Indeed, that’s a general point Eric highlights in his book 5 Steps to Conquer Death By PowerPoint, published last year (and which we discussed in an FIR Interview in London in July 2012).

It’s not so much about not using PowerPoint at all – it’s more about how to use it effectively.

So before you jump with glee at the very idea of “no more PowerPoint!” think first about how a visual tool like that can help you connect and engage with the people you’re trying to persuade to a point of view or whatever is the topic of your story-telling, if you use it well.

Think of events you’ve been in, either as a speaker or presenter or as an audience participant, where someone used a PowerPoint deck in such a way that he or she wowed you with their memorable story-telling that concentrated on the telling.

During the past twelve months, I can think of one person who did just that for me – Microsoft’s Dave Coplin speaking at The B2B Huddle in September 2012. With a PowerPoint deck.

As for LinkedIn’s rule – information about a meeting is sent 24 hours in advance to give the participants an opportunity to review that content before the meeting – I think this is great whether there are decks or not, although my podcasting partner Shel Holtz wasn’t so positive about it when we discussed this in FIR 715 last week.

Still, there’s something here for everyone, depending on the particular circumstances in your organisation or situation.

On a final note, the Dilbert cartoon by Scott Adams that I included at the top of this page is the strip first published on August 16, 2000. That’s thirteen years ago.

The PowerPoint dilemma isn’t new!

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Courage is what it takes

Courage is what it takes...

This month, I’ve led ‘thinking meetings’ at three different organizations as part of processes to help communicators and others understand the evolving nature of the business landscape in which the people in each of those organizations dwell.

We’ve considered trends that matter and the essential steps individuals must take to best prepare their businesses for the new (to some) ways of engaging with others – both within and without the organization – where the direct rewards will not be financial but instead closely connected to earning influence, trust and reputation.

Increasingly, the conversations about social business (definition 1, definition 2) are focusing on the steps communicators must take to encourage mindset shifts and behaviour changes within their organizations, first and foremost. Those steps require courage and perseverance, often (usually, in many cases) in the face of strong and relentless resistance to change.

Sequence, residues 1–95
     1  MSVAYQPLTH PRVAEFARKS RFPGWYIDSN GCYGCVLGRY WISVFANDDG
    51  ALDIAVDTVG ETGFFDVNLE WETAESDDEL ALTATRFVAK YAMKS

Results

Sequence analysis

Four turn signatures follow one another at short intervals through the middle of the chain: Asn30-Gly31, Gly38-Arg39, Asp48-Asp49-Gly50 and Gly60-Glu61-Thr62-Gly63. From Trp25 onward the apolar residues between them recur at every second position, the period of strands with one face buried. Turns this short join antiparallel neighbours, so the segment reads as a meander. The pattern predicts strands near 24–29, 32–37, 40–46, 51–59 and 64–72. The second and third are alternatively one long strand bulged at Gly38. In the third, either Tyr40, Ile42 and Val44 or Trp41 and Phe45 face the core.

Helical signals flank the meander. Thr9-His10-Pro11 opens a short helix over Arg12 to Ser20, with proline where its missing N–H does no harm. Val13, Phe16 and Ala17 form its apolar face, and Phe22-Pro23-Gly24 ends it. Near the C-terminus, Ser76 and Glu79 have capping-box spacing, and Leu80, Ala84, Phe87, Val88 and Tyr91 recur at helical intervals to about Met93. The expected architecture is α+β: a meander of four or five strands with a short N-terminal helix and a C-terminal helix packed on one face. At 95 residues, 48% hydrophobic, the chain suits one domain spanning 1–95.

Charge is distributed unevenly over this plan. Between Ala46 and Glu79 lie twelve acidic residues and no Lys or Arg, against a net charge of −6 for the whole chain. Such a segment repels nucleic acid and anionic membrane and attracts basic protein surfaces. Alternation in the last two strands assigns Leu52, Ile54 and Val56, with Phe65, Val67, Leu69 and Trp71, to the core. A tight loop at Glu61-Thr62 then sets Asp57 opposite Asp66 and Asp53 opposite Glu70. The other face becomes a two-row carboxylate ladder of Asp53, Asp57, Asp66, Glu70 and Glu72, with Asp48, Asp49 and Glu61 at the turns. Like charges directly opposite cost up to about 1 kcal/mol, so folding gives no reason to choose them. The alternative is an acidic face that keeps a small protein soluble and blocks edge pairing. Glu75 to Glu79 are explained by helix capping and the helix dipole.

Indeed, it is all about organization change and not about social media or other enabling tools. It’s also about facilitating change in small steps rather than tackling the big and seemingly huge-and-impossible picture.

I’ve been using a simple deck that is 85 percent the same content that’s relevant to whoever I’m speaking with, with 15 percent that’s specific to a particular organization.

This deck focuses on listening – a courageous step for many when the desire or pressure to talk instead seems overwhelming.

I’ve embedded the 85 percent version below, lightly edited for public use, so you can get a sense of where I’m taking this story where the element of being courageous is central. Once you see and understand that, it can become far less daunting to determine what you actually must do.

The deck draws upon some broad concepts I first presented in a keynote speech at the Like Minds conference in May 2012. Luke Skywalker and Yoda played a starring role in that session.

Today, they’re accompanied by more down-to-earth concepts including The Hero’s Journey as envisioned by Brian Solis that is all about taking courage and is one of the most compelling perspectives that bear strongly on the tasks facing communicators today.

If you have perspectives on those tasks, please share them. We can all learn more that will help us take courage.

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FIR Speakers and Speeches: Brian Solis at The B2B Huddle in London

The Hero's JourneyOn July 12, 2013, Brian Solis spoke at a B2B Huddle event in London. Brian is widely regarded as one of the most credible and compelling speakers on topics and themes related to business disruption, transformation, and change.

He’s the author of three best-selling business books and co-author of two others. His latest book – What’s The Future of Business? – was published in March.

The sponsor of this event was Dell, who provided every participant with a free copy of Brian’s latest book; and Microsoft, who hosted the event.

In this podcast, you’ll hear Brian’s keynote speech (and the question-and-answer session that followed) in which he takes us on a journey that explores the future of business taking in perspectives on ‘digital Darwinism’ and the rise of the connected consumer, and with a vibrant message throughout on the need for vision and courage to enable and manage change.

Listen Now:

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About the Speaker